Independent cinemas perform particularly well in the UK and Ireland for event releases. Of the 10 highest-grossing cinemas in the UK-Ireland for André Rieu performances, Piece of Magic has found the top three are independent venues. The Royal Opera House also noted that its cinema broadcasts tend to attract larger audiences at independent cinemas, with ballets The Nutcracker, Cinderella and The Sleeping Beauty among its highest performers of 2023.
“Popularity can mean different things in the UK – whether it’s filling up a large city centre [venue] on a Thursday night, which we regularly do, or a tiny village hall which is the only venue within a 20-mile radius for local people, or a community film club that offers regular touchpoint for its members,” says Leo Jordan, head of marketing and distribution for National Theatre Live. “There’s even a lorry called the Screen Machine that drives around the Scottish Highlands and turns into a mobile cinema, that regularly fills up with NT Live audiences.”
Event cinema companies are good at pushing the boundaries of cinema’s typical format. “A good event cinema screening feels much more like you’re at a concert. There will be dancing down the aisles, in the seats, even in front of the screen,” says Allenby. “People are filming their entrance to the cinema going in, a bit like they would going into a gig. For [acts such as] Roger Waters or Metallica, the fan behaviour will be slightly different, it will be less social-media driven. But it’s the same thing — people wearing band T-shirts, having a drink, wanting to get into it as if they’re going to a stadium.
“We work with cinemas to help prepare them for that,” Allenby adds, “top tips about what might be coming from the fans and encourage them to allow that behaviour as best they can within the environment.”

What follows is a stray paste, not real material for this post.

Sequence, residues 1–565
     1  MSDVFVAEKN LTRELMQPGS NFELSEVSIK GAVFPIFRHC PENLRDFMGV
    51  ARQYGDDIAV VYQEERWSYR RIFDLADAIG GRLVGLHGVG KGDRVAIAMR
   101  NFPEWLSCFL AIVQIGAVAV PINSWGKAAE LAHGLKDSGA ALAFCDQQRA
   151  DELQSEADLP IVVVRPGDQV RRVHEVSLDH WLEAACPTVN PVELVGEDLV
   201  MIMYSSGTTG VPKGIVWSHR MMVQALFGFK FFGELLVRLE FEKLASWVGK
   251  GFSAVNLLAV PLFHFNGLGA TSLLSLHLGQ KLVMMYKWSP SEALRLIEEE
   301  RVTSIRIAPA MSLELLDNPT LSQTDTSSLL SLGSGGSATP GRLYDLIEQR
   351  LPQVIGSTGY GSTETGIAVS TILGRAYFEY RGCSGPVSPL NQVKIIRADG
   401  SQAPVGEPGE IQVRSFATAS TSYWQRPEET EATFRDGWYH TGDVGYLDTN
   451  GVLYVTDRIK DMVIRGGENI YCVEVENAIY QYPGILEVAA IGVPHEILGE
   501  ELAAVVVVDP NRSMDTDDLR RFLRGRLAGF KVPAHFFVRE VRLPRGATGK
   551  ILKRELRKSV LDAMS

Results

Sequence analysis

This means having an interval, in the case of André Rieu, whose performances often stretch to three hours. During the pandemic, when cinemas were open but venues had to restrict movement, Rieu was adamant. “He said, ‘I demand that my people can go to the loo,’” reveals Piece of Magic’s Nadaud.
Traditional film distributors are watching and learning. ‘Eventising’ the release played a big part in the ‘Barbenheimer’ success for Warner Bros and Universal Pictures. But it is not a one-size fits all approach.
“Cinema is the best way to see anything, in terms of screen, sound, seating, communal experience,” says Allenby. “But they [cinemas] do need to remember that it’s about making it special for the customer, and that needn’t be a lot of noise and distraction.”
Piece of Magic uses social media to market as much to an older demographic as it does to a younger one, it just fine-tunes where and how. “Facebook is for the older demo. TikTok and Instagram we would do for gaming [event cinema releases],” says Naudad. “We are targeted via Facebook and that’s how we reach [Rieu’s] older audience, and via his own newsletters and channels.”
Local publicity is also crucial. “Grandma and grandpa read the local papers,” adds Nadaud. “The exhibitor is also very important — the exhibitor has a good feel for their local community.”
The lead times of an event cinema release can be an advantage. “Event cinema can go on sale about three months in advance. They can benefit from that promotional period,” says James Dobbins, director of event cinema, UK and international, at exhibitor and distributor National Amusements.
“Event cinema’s advantage is these are established IPs [intellectual properties], inbuilt audiences. It’s infinitely harder to do that with a theatrical feature film release that doesn’t come with anything existing,” he says. “It’s a very different discipline, and it’s maybe having that patience to find that audience, and build it.”